Anne Frank likely died earlier than thought
Anne Frank probably died somewhere in February 1945 from the effects of typhus, and not in March as was previously believed. This is according to research done by the Anne Frank Foundation into the last months of Anne and her sister Margot's lives.
Like many of thousands of people in the Bergen-Belsen camp, the exact date of the girls' death remains unknown. At the time the Red Cross put the date of death for Anne and Margo between March 1st and 31st. The foundation finds the probability that the girls were still alive in March unlikely, based on archival research and the study of witness testimonies.
Anne and Margot Frank arrived in the concentration camp on November 3rd, 1944. Nanette Blitz, a classmate of Anne, met with Anne a few times in the camp in December 1944 and January 1945. "She was already a skeleton. She was wrapped in a blanket. She could no longer wear her own clothes because they were full of lice." Nanette's statement says. The classmates saw each other for the last time in January 1945.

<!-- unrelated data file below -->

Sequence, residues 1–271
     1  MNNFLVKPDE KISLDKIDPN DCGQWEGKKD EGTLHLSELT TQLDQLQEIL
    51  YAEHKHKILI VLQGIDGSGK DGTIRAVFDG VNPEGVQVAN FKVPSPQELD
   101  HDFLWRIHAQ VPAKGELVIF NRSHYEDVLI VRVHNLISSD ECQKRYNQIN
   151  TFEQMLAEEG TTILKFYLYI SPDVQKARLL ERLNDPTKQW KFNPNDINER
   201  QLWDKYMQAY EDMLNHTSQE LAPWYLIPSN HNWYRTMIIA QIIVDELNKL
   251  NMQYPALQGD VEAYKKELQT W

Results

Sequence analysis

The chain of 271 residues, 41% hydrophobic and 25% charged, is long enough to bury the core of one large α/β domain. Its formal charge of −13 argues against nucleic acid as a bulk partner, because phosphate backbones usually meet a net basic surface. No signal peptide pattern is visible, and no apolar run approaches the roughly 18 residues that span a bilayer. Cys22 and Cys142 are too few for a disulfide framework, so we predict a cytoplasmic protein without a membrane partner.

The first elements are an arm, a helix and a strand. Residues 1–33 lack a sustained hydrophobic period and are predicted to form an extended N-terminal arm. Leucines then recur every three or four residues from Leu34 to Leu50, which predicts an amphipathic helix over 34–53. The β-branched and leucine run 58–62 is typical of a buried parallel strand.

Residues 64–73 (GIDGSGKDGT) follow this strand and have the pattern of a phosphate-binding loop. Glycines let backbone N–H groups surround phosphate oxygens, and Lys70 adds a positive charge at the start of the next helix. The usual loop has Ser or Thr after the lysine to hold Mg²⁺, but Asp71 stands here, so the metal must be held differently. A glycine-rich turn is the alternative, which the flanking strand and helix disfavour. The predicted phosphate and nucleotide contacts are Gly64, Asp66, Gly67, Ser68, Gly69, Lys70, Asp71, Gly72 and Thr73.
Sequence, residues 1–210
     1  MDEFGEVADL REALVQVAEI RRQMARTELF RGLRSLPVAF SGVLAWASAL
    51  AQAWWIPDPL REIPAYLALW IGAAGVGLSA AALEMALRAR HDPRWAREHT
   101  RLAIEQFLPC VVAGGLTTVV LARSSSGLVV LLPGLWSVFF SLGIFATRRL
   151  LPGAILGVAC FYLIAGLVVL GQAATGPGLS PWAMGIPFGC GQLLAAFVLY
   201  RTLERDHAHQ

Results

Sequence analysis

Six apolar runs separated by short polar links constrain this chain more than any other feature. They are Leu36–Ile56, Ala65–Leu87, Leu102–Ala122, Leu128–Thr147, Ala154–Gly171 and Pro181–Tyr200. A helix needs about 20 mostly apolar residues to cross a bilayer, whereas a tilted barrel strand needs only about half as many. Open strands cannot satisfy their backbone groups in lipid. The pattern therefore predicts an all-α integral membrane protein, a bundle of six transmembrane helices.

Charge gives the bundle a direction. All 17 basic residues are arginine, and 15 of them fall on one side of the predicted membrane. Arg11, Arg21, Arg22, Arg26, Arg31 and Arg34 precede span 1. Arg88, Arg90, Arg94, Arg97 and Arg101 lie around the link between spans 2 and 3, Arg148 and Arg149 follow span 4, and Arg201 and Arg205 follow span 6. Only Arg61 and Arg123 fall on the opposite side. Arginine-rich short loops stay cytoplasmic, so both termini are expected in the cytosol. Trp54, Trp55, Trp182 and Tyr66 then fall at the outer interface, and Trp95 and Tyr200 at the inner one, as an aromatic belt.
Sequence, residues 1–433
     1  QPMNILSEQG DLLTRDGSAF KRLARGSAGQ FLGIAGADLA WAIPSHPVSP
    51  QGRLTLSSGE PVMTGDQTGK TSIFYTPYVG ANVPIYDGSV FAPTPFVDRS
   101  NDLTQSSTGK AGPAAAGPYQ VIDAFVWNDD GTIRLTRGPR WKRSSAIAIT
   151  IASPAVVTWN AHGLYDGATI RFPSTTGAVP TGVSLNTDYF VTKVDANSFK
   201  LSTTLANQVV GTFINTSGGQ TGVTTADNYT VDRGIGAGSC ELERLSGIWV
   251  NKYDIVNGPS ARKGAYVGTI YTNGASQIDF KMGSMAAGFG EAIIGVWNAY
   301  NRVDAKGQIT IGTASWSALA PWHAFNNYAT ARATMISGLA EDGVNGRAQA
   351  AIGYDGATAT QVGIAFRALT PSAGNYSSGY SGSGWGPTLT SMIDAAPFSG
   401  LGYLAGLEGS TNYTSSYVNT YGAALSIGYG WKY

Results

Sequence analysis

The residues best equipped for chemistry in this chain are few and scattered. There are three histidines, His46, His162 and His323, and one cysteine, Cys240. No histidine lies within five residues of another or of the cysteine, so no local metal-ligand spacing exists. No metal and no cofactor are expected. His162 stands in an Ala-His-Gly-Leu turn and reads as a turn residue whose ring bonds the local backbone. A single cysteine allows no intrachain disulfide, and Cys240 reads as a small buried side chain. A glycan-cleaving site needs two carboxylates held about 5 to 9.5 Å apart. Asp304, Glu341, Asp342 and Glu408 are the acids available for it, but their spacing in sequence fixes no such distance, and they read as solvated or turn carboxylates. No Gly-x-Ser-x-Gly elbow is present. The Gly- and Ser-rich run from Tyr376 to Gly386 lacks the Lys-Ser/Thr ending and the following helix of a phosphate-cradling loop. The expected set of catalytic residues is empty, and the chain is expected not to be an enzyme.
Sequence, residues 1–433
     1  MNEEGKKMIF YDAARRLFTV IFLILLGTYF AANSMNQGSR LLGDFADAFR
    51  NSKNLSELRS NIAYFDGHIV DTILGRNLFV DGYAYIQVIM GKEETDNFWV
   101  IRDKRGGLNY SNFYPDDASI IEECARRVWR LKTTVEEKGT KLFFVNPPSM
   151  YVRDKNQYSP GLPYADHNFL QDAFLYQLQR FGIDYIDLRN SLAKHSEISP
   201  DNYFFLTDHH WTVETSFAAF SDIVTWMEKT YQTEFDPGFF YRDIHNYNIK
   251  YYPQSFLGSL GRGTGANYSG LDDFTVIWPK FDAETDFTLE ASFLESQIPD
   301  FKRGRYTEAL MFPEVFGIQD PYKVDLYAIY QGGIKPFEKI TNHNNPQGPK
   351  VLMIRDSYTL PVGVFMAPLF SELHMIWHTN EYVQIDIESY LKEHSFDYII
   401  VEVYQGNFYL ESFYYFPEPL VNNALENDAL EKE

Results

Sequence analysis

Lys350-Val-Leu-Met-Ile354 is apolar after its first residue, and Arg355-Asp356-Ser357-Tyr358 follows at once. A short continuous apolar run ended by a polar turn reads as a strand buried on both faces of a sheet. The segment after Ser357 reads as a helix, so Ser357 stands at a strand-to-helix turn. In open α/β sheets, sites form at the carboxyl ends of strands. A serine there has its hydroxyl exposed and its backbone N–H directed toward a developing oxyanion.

The last contact between Anne and a survivor of the camp was early in February 1945. Anne met Hanneli Goslar, a friend from Amsterdam at the fence of the concentration camp. The last time the two saw each other, Hanneli threw a parcel of food to Anne over the gate of the camp.
From statements made by fellow prisoners, it seems that Anne and Margot already showed symptoms of typhus by then. According to the National Institute for Public Health and Environment, most victims die within twelve days of the first symptoms.
When in February Anne and Margot passed away remains a mystery. In the words of Rachel van Amerongen, a fellow camp prisoner: "One day they were just not there anymore."